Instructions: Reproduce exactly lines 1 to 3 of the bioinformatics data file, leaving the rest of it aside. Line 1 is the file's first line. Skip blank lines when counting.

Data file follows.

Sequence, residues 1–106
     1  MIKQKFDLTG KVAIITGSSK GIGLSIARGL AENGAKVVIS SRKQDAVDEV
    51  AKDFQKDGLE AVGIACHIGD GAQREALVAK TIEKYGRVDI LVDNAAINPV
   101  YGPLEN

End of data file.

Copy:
Sequence, residues 1–106
     1  MIKQKFDLTG KVAIITGSSK GIGLSIARGL AENGAKVVIS SRKQDAVDEV
    51  AKDFQKDGLE AVGIACHIGD GAQREALVAK TIEKYGRVDI LVDNAAINPV